Text Wrap A term used in page layout software, specifically to the way text can be shaped around the edges of images.

Thumbnail A thumbnail is a reduced-size version of the original image.

TIFF (Tagged Image File Format) A graphic file format used for storing images . TIFF is a commonly used file format for high color depth images.

Tint A color is made lighter by adding white, this is called a tint.

Tolerance Tolerance is the range of pixels a tool in graphic software functions in. Or the range of shade or color pixels a Magic Wand selects, etc.

Tonal Distribution Tones can be redistributed during the scanning or image editing process. To lighten dark images or to darken light images.

Trim Size The size of the printed material in its finished stage.

True Color System A true color system is a 24-plane graphics sub-system which composes the entire range of 16.7 million colors.

Typeface A typeface consists of a series of fonts and a full range of characters such as, numbers, letters, marks, and punctuation.

Typography The art of arranging type—which includes letters, numbers, and symbols—so that it is pleasing to the eye. This includes not only the font that is used but how it is arranged on the page: letter by letter, size, line spacing, etc. 


Uncoated Paper This is paper that doesn’t have a coating applied to it for smoothness.

Unsharp Mask A method used to heighten the sharpness or focus of images by selecting and increasing the contrast of pixels alongside the edges of images.

Uppercase Also known as capital letters, they are the larger characters in a typeface.

UV Coating A glossy coating applied to the paper surface and dried using ultraviolet light. It is glossy and adds a certain level of protection to the printed material.


Value This refers to the degree of lightness or darkness of a color.

Varnish This is a liquid coating applied to a surface for protection and for a glossy effect.

Vector Graphic Vector graphics allow the designer to expand or reduce the vector graphic in size without any loss in quality using curves, points, lines, and polygons.

Verso The left-hand page of a book or a manuscript.


Watermark Translucent design impressed on paper created during manufacture, it is visible when held to light.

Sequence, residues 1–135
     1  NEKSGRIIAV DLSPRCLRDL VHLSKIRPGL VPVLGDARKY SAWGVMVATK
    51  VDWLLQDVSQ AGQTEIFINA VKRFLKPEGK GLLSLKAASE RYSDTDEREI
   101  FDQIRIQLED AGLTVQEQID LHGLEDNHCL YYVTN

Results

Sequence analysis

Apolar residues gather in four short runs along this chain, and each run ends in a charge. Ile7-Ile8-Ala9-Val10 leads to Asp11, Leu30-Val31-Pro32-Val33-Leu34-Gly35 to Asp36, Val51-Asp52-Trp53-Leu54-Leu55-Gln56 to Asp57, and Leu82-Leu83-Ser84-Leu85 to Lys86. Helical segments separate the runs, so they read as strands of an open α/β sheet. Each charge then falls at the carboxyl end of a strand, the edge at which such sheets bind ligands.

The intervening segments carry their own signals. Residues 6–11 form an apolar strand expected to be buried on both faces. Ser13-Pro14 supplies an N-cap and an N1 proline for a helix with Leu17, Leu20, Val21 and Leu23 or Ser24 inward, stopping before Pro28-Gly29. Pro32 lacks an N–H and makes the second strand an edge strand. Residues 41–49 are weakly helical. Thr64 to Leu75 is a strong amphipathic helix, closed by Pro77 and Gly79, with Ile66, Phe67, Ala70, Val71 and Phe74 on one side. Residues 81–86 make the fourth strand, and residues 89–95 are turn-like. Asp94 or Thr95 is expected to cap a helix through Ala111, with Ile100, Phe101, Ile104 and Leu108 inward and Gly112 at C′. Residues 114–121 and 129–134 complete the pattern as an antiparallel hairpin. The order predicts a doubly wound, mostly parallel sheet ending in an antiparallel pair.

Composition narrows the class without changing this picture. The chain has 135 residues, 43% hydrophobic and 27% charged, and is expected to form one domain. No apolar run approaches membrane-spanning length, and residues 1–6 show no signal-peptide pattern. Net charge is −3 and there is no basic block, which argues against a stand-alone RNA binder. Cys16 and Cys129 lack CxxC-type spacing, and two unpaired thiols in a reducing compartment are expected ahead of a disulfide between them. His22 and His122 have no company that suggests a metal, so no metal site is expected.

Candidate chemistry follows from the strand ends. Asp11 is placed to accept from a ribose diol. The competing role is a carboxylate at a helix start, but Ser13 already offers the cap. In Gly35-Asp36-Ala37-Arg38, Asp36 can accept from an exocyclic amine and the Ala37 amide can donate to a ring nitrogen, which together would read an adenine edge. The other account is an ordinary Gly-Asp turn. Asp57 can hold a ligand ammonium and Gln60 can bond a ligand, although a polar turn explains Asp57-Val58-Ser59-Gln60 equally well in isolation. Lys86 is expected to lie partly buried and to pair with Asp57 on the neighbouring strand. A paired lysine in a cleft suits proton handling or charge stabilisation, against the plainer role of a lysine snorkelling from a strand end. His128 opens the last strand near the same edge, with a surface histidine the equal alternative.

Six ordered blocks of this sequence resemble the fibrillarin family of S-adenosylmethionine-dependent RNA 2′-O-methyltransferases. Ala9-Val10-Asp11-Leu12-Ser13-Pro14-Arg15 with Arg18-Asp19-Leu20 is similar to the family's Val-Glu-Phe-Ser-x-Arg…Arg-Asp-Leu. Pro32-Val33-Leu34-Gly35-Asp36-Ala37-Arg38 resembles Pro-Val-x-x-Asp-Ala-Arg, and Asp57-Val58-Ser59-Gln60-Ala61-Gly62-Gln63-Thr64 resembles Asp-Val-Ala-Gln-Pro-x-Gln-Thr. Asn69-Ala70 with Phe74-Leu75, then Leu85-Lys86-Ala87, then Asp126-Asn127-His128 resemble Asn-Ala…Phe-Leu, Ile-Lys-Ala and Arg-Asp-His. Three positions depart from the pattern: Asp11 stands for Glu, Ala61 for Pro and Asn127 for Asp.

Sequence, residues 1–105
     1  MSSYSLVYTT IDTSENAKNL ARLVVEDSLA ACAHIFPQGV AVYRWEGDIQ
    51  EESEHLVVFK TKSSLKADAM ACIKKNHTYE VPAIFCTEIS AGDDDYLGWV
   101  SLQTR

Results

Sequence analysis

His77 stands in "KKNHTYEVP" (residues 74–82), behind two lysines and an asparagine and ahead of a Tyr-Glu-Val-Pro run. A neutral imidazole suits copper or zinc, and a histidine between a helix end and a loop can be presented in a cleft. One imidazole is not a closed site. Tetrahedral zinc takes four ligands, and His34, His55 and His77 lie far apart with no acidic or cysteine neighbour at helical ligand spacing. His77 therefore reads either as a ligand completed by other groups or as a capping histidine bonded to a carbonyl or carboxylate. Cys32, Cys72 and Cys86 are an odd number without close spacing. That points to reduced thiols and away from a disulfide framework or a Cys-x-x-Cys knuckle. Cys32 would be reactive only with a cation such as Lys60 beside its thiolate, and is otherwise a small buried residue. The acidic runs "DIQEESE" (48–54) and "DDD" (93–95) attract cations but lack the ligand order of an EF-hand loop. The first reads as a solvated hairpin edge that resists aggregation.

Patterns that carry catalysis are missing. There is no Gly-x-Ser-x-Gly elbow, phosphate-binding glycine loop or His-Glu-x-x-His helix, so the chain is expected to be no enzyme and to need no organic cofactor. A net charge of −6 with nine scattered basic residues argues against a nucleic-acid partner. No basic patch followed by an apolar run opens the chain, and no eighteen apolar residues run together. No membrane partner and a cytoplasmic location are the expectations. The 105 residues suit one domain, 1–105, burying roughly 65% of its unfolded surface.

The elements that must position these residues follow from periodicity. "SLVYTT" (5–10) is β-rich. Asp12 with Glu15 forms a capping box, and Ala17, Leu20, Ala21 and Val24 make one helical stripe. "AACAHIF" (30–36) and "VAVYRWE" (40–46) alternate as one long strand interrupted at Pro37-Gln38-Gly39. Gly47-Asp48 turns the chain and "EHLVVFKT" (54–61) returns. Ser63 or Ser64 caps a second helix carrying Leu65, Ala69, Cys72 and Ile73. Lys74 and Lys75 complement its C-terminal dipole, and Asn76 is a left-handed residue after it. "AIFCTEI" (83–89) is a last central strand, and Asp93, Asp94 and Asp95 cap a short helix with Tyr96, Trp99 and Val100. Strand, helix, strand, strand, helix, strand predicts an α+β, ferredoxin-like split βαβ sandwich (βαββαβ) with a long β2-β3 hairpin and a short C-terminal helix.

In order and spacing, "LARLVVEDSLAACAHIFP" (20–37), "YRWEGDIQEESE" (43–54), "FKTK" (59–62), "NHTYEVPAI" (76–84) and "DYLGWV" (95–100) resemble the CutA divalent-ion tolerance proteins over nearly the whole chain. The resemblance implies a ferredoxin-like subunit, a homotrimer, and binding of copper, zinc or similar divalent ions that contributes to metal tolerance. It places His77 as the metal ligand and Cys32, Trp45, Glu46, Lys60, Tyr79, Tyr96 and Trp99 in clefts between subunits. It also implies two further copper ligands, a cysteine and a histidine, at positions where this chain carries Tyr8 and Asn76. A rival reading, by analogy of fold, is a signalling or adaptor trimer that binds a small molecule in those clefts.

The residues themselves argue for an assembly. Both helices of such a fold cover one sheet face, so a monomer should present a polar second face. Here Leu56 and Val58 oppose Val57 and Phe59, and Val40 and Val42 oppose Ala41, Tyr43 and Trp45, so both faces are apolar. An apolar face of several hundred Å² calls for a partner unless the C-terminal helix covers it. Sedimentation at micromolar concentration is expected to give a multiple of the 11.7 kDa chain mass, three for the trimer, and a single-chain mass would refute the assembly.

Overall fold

Web-Safe Colors A color table containing only 216 out of a possible 256 colors, used to accurately match the colors of graphics and pictures in cross-platform web browsers.

Weight The range of a stroke’s width. Also knows as semi-bold, light, and bold. Some typeface families have many weights like ultra-bold and extra-light. Associated to the heaviness of the stroke for a specific font, such as Light, Regular, Book, Demi, Heavy, Black, and Extra Bold.

White Point One of a handful of reference illuminants used to define the color “white”. Based on the application, different definitions of white are needed to give sufficient results.

White Point Adjustment A white point adjustment establishes the amount of highlighted detail in an image.

Widow Line A single line of a paragraph at the bottom of a page or column.

Width Refers to whether the basic typeface has been lengthened or compressed horizontally. The typical variations are Condensed, Normal, or Extended.

Word Processing Program A software application package that assists in creating, editing, and printing

Work and Turn This is when you print on one side of a sheet of paper, then you turn the sheet over from left to right and print the other side. The same gripper and plate are used for this process.

WYSIWYG What You See Is What You Get. This is an approximate screen representation of what the final printed image will look like.


X-Height This is the height of the lowercase letters that do not have ascenders or decenders, such as a, c, e and mm


Yellow One of the subtractive primary colors of CMYK (cyan, magenta, yellow, and black) that is used in four-color process inks.


Zip Stands for Zone Information Protocol: This is a way of compressing files into a smaller size, so they can be transferred with more ease over the Internet or any other means.

Zoom Most design software lets you zoom in or out on an image to get a closer or farther away look. Zooming in is especially useful when photo retouching or working on tiny details.